Poetry Sunday: As imperceptibly as grief by Emily Dickinson
Summer is beginning to wind down although we still have several more weeks of potential triple-digit temperatures here in Southeast Texas. But already I can feel a difference in the air when I sit outside on my patio in the late afternoon. Moreover twilight creeps in earlier and earlier every day. The days are getting shorter, the surest indication that autumn is, in fact, on its way.
Emily Dickinson observed that summer passes into fall with "A courteous, yet harrowing grace" which is almost imperceptible at first. As imperceptible as grief.
As Imperceptibly as Grief
by Emily Dickinson
As imperceptibly as grief
The summer lapsed away, —
Too imperceptible, at last,
To seem like perfidy.
A quietness distilled,
As twilight long begun,
Or Nature, spending with herself
The dusk drew earlier in,
The morning foreign shone, —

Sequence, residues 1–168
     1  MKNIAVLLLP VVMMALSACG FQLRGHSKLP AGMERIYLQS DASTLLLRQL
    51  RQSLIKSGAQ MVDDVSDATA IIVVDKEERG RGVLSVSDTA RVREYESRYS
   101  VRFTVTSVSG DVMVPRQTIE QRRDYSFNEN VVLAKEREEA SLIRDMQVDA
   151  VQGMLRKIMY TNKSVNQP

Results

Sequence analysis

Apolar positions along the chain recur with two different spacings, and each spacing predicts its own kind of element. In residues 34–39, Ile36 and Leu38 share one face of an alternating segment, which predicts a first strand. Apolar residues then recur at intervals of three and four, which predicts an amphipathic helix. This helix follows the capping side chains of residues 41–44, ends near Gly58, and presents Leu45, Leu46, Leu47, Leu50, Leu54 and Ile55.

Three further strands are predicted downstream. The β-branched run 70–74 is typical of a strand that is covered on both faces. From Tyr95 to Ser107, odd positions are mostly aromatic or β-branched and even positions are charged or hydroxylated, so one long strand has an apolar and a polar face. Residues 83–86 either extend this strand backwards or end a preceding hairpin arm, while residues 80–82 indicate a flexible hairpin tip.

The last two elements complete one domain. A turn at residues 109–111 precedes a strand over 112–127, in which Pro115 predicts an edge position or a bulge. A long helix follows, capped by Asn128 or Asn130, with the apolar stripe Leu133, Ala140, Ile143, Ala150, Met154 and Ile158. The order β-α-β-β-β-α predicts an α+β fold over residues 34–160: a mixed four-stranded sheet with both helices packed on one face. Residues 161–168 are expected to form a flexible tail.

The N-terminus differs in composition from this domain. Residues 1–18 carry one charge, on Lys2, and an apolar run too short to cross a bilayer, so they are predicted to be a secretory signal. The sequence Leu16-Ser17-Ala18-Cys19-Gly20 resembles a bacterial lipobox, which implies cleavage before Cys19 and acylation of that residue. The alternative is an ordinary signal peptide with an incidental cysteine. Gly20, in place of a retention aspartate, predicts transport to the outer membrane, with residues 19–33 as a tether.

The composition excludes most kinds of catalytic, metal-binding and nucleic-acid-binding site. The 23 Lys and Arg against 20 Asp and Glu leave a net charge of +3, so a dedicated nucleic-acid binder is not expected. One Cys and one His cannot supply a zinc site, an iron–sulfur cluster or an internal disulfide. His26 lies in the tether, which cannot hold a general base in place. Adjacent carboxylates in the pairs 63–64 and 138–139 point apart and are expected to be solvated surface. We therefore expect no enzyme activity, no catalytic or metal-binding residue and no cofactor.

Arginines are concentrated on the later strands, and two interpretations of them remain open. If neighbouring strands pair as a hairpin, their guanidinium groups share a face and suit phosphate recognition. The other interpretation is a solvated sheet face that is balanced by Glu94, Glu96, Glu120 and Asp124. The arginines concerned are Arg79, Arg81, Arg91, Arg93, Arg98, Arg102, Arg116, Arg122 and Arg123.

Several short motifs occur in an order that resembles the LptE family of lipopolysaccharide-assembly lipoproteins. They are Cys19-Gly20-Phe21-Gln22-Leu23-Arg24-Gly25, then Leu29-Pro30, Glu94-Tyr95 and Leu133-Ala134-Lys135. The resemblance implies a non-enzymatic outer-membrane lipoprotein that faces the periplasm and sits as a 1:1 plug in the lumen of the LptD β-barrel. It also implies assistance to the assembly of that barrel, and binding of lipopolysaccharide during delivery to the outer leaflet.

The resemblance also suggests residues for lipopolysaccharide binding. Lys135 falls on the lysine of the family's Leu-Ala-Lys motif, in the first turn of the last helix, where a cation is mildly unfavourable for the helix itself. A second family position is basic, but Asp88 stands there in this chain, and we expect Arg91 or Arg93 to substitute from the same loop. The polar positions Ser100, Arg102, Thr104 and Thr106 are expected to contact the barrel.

A courteous, yet harrowing grace,
As guest who would be gone.
And thus, without a wing,
Or service of a keel,
Our summer made her light escape
Into the beautiful.
A wonderful description of the fleeting nature of summer.ReplyDelete
Isn't it though? Emily definitely had a way with words.Delete
Emily Dickinson expresses how I feel about summer, too. Alas, it is slipping away.ReplyDelete
Where Emily lived and where you live it is well on its way out the door by late August. Around here we still have several more weeks to "enjoy" it.Delete
She really had a way with words. This poem is amazing.ReplyDelete
I have long admired her poetry.Delete
Lovely poem. Summer moves so slowly into fall that any grief of summer passing is imperceptible.ReplyDelete
The changing of the seasons is slow process here, with "summer" often lingering into October.Delete
Our summers here tend to begin earlier and outlast the summers of others I know, and I'm glad. It suits me.ReplyDelete
I can enjoy summer as long as the high temperatures don't exceed the mid-nineties. Higher than that, it becomes really uncomfortable. Of course, it's not really the heat, it's that darned humidity!Delete
Lovely poem! And such great imagery.ReplyDelete
Dickinson was a great one for imagery.Delete